Boeing Targets 66 Percent Launch Cost Reduction with ALASA
WASHINGTON — Boeing Defense Space and Security of Huntington Beach, Calif., has won a three-way competition for a Pentagon contract worth as much as $104 million to build and demonstrate a low-cost, airborne satellite launching system, according to a March 24 posting on the Federal Business Opportunities website.
The contract is for the U.S. Defense Advanced Research Projects Agency’s Airborne Launch Assist Space Access (ALASA) program, which is intended to field a system to launch satellites weighing up to 45 kilograms into low Earth orbit for as low as $1 million each.
Part of a broader DARPA effort to reduce the cost and turnaround time of national security space launches, ALASA seeks to use a rocket launched from modified fighter-jet aircraft taking off from a standard airport runway. Doing so, they argue, would allow the Defense Department to launch from almost anywhere, whereas currently space launches are restricted to just a few sites: Cape Canaveral Air Force Station, Fla.; Vandenberg Air Force Base, Calif.; Wallops Flight Facility, Va.; and Kodiak Island in Alaska.
The ALASA rocket, measuring 7.3 meters long, would be attached to the underbelly of a Boeing-built F-15E fighter aircraft. Once the plane reaches an altitude of approximately 12,000 meters, the rocket would be released and then ignite to carry its payload to orbit.
The launch scheme is similar to that of the Pegasus XL air-launched rocket, which was developed by Orbital Sciences Corp. — also under a DARPA program — and is carried aloft by a modified Lockheed L-1011 aircraft. Although it became an established rocket, the Pegasus XL proved more expensive than anticipated and is seldom used these days.
In a March 29 press release, Boeing said its aim is to reduce the cost of launching microsatellites by 66 percent.
“We developed a cost-effective design by moving the engines forward on the launch vehicle. With our design, the first and second stages are powered by the same engines, reducing weight and complexity,” Steve Johnston, Boeing’s director of advanced space exploration, said in a March 28 press release.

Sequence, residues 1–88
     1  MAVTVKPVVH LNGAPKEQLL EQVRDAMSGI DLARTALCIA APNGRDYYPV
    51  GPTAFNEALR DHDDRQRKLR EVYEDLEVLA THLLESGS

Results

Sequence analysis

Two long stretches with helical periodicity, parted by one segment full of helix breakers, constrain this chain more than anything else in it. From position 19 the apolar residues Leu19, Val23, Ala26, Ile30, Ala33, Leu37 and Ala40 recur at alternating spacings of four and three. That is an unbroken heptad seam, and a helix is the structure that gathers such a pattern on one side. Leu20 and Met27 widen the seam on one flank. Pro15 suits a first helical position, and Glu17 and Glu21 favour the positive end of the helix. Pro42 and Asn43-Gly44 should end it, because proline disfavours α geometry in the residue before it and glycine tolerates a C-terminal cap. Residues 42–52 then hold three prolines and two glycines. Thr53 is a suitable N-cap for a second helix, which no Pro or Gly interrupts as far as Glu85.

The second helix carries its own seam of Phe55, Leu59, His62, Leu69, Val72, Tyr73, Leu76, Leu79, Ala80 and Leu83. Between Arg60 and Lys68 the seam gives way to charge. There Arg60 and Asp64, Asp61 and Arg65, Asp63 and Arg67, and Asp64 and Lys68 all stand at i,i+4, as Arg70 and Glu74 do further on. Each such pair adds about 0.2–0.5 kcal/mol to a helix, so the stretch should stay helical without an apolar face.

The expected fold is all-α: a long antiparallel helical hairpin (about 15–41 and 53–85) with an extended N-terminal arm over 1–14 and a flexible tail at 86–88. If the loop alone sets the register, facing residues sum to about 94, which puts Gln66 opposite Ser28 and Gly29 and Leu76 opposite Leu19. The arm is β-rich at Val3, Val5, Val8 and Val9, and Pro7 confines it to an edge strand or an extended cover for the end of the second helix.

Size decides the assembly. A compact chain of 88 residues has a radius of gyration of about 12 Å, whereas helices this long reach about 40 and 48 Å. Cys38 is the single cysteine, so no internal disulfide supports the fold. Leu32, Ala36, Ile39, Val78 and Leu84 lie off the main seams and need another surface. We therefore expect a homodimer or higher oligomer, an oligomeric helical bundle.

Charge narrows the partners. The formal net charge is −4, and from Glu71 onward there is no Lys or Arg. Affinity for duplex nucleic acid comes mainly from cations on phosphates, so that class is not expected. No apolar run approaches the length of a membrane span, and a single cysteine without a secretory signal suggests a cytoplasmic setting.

The base value of Boeing’s cost-plus fixed-fee, 11-month contract is $30.6 million, with a first option worth $72 million and a second option worth $2 million, according to the Federal Business Opportunities posting. Work is expected to be completed by Feb. 20, 2015, the posting said.
In 2012, DARPA awarded ALASA design contracts to Boeing, Lockheed Martin — which proposed launching from an F-22 aircraft — and Virgin Galactic, the space tourism outfit that is now testing an air-launched, passenger-carrying suborbital vehicle dubbed SpaceShipTwo. DARPA had previously awarded ALASA technology development contracts to Northrop Grumman, Space Information Laboratories and Ventions.
In an interview with SpaceNews prior to the Boeing contract announcement, Brad Tousley, director of DARPA’s Tactical Technology Office, said the agency was seeking to leverage existing production aircraft. “We’re trying to get with an aircraft we don’t have to modify or [modify] very, very little,” he said.
ALASA program managers expect to perform propulsion and system risk reduction testing this year as well as complete captive-carry and aircraft compatibility flight tests, according to DARPA budget documents. The program is aiming for a demonstration launch in fiscal year 2015.
“ALASA will enable small satellites to be deployed to orbit from an airborne platform, allowing performance improvement, reducing range costs and flying more frequently, which drives cost per event down,” DARPA budget documents say. “The ability to relocate and launch from any major runway around the globe reduces the time needed to deploy a satellite system.”
DARPA requested $55 million for the program in 2015, up from $42 million in 2014, according to the budget documents.
The Army and the Air Force have been identified as potential transition customers for the ALASA system, budget documents said.
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